The new UWA Research Repository can be accessed at the following link: Please update your favourites accordingly
Refine your search
Brief view Table view Full view
Sort by:
Record 1 of 1 1

Complex Object
The formation and contestation of Moloka The formation and contestation of Moloka... - Complex Object ()
The formation and contestation of Molokan identities and communities : the Australian experience / Paulina Matvei Slivkoff
[Truncated abstract] Molokans are a Russian sectarian community that has been a transnational diasporic community since their exile from southern Russia in 1839. During the 1839 exodus they were relocated to Georgia, Armenia, and Azerbaijan. These countries make up a region referred to by Molokans as Transcaucasia located in and around the Caucasus Mountains. A further migration to Turkmenistan followed in 1889. Since that time, Molokans have settled in Iran, the United States of America, Mexico, Australia and Brazil. The colonies in Brazil and Mexico have disbanded with members re-joining Molokan communities in the United States of America and Australia. The communities remain in contact with one another and with various Molokan communities still existing in the Russian Soviet Socialist Federal Republic. Molokans are characterised by a religious structure of lay ministers and elders in a traditional, patriarchal social community. They are a collectivity of churches (there is no hierarchy between the churches) and sub-groups who practise varying degrees of adherence to Molokan dogma. They are a millenarian, charismatic religious community similar to Pentecostals and Anabaptists with the exception that they have ceased to evangelise and have become ‘closed’ communities practising endogamy. Given their closed structure, relatively little is known about this group in mainstream society . . . Spirituality, in the form of prophecy, healing, and the shared expression of religious ecstasy (rejoicing in the Holy Spirit) provides a sense of communitas that helps to bind the communities. Persecution in Russia and in the United States of America promoted mistrust of outsiders and contributed to the closure of social boundaries. Interventionist and reform activities in both Russia and the United States of America reinforced the belief that social closure was the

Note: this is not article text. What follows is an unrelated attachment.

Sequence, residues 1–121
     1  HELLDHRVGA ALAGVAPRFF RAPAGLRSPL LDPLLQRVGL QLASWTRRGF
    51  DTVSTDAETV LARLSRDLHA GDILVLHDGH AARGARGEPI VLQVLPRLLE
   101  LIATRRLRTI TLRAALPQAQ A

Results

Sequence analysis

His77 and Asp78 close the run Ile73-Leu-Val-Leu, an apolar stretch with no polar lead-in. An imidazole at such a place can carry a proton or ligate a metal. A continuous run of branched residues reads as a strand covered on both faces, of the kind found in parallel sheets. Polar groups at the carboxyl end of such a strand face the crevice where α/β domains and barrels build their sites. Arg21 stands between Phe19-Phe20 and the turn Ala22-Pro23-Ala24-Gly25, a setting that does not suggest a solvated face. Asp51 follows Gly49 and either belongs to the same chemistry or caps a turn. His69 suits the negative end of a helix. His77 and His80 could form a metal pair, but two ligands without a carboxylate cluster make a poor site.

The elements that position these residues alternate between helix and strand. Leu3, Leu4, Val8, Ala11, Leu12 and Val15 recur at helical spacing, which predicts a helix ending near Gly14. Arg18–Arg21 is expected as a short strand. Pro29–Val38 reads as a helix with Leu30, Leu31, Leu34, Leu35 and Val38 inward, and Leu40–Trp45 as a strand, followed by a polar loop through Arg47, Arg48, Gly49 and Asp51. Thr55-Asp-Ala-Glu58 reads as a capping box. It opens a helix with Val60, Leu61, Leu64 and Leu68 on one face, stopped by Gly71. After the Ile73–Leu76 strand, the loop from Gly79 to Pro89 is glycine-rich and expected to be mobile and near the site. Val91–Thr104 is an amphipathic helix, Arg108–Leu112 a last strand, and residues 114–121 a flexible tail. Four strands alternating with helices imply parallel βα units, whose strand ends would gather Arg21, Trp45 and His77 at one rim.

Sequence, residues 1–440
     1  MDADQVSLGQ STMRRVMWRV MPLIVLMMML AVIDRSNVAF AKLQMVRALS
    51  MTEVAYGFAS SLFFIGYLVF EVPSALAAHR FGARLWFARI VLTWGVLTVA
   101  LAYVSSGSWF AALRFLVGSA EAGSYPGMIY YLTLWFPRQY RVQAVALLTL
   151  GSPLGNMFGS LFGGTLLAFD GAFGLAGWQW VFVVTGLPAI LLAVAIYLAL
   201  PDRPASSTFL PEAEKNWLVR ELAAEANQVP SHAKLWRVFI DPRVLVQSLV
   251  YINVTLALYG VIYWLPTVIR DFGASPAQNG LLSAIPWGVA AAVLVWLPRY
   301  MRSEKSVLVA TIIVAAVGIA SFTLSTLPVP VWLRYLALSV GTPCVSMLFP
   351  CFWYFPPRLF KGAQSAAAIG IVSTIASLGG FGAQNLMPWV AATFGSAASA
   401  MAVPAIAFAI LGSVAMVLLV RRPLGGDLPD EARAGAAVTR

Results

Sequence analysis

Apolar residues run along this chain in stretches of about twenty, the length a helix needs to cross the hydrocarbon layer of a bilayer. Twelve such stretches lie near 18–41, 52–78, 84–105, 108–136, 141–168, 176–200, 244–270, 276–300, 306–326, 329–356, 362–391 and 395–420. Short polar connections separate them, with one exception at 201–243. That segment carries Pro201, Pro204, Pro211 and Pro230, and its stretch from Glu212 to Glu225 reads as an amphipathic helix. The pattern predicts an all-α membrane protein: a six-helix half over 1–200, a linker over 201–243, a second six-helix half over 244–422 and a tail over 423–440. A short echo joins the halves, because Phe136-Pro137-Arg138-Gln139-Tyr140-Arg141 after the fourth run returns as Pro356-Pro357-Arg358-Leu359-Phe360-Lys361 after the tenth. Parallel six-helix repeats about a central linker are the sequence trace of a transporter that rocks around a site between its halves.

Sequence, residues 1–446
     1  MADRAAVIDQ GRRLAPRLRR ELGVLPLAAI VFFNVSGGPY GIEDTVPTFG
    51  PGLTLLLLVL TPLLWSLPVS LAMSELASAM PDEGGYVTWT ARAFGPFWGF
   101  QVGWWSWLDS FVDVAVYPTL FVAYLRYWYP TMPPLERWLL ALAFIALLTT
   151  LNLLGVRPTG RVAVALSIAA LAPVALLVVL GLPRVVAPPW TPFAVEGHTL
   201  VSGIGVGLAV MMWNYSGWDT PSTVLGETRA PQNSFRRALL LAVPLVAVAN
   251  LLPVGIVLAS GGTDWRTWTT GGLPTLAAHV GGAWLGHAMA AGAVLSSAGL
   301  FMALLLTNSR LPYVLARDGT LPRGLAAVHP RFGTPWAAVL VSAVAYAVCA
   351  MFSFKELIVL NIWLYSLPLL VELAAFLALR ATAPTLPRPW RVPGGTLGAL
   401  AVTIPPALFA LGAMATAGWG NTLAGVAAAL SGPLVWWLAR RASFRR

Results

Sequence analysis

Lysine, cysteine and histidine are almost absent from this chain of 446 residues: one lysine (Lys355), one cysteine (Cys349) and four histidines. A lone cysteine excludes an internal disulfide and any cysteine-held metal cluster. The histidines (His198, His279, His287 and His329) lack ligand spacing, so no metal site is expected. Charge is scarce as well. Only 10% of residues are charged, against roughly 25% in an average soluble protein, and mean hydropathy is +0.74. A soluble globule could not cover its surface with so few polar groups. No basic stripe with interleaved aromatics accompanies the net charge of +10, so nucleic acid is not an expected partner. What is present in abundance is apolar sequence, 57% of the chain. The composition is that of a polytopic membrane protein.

only way to maintain cultural continuity. Their shared history of migration and persecution contributes to the building of a core community identity.
Thesis (M.A.)--University of Western Australia, 2007
Persistent URL
Related collections
> Theses